Most digital cameras offer a variety of automatic exposure modes, including program, shutter priority, and aperture priority, as well as manual mode. Choosing an exposure mode determines what exposure settings you can select and what exposure settings the camera automatically selects based on other choices you have made.
In P or program mode, the camera automatically chooses both shutter speed and aperture settings. When you select the S or shutter priority mode (also called Tv for time value), you choose a shutter speed, and then the camera automatically chooses the
aperture setting to get a good exposure. Select a shutter speed appropriate to the subject — a fast speed such as 1/500 second for action or a slow shutter speed such as 1/2 second for a blur effect.
In the A or aperture priority mode (also called Av for aperture value), you choose the aperture setting that you want, and the camera selects the appropriate shutter speed. Choose a small aperture such as f/16 for deep sharpness or depth of field, and a large aperture such as f/4 for shallow or selective focus effects.
When you want complete control over both shutter speed and aperture, choose the manual mode.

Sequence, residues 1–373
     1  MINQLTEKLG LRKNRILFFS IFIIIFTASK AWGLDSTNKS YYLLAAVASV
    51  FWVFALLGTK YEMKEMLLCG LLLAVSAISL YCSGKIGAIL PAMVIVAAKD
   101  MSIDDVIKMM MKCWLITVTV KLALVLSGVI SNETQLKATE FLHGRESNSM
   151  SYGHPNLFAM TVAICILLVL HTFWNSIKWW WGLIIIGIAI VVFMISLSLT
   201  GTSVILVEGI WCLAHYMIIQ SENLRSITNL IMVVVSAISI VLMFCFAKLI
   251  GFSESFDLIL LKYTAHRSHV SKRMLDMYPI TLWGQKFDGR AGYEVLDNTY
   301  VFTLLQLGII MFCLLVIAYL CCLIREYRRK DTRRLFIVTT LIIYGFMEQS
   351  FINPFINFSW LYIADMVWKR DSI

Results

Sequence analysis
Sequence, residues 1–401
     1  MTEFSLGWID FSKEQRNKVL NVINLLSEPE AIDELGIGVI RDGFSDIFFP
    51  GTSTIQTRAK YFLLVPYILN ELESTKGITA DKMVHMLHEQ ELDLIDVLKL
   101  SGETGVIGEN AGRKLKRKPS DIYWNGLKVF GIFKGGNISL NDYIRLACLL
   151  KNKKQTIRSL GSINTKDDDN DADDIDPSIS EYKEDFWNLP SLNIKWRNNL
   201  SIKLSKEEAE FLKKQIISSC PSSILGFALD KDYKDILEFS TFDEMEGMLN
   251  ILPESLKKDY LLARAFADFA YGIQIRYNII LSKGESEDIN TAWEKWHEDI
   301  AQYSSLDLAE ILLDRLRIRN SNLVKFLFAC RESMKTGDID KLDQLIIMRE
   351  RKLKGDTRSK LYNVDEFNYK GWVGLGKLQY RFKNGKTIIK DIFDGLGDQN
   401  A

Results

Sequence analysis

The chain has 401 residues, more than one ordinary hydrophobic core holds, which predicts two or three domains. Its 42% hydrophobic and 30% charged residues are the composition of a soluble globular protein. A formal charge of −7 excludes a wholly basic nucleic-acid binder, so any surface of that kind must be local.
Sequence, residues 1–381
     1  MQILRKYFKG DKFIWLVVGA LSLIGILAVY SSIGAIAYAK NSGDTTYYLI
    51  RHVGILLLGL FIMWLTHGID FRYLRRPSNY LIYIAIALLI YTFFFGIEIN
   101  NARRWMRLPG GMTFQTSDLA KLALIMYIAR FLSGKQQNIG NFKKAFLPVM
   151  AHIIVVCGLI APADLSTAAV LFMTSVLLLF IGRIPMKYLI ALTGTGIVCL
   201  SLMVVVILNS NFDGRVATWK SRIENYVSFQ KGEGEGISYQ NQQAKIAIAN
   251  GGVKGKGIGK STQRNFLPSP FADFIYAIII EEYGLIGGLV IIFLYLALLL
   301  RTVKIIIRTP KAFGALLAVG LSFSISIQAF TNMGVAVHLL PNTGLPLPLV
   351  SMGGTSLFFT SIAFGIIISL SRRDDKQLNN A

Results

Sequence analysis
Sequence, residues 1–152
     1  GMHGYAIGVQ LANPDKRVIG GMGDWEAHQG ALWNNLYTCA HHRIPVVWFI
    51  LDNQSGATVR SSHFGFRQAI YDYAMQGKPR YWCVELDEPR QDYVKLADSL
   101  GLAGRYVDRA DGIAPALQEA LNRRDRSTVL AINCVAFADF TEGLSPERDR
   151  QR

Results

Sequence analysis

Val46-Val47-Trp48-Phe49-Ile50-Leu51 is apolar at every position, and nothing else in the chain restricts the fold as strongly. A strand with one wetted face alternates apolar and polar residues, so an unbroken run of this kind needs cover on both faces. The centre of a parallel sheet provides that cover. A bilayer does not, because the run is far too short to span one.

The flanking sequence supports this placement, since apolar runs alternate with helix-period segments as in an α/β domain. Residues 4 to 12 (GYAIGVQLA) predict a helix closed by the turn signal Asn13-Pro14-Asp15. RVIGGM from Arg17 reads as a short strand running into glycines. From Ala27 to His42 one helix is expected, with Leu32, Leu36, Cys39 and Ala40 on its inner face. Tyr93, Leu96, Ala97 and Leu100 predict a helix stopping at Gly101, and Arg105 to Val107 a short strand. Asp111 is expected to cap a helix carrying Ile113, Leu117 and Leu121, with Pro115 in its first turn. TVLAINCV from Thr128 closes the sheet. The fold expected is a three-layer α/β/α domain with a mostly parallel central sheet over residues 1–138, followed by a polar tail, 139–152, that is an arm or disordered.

Program-shooting modes (also called scene modes) such as Landscape, Macro, and Portrait offered by many digital cameras automate the process and often result in a good photograph. However, they are not likely to produce photos as good as you can get if you understand and correctly use the shutter priority or aperture priority mode settings.
Many program-shooting modes allow the camera to automatically change the ISO setting if the metering system thinks a change is needed. Sports mode, for example, shifts to a higher ISO if it needs a faster shutter speed. When the camera selects a higher ISO speed, there is potential for more digital noise in the image. If you do not want to have excess digital noise, make sure that you know when to avoid using a mode that causes automatic ISO speed changes.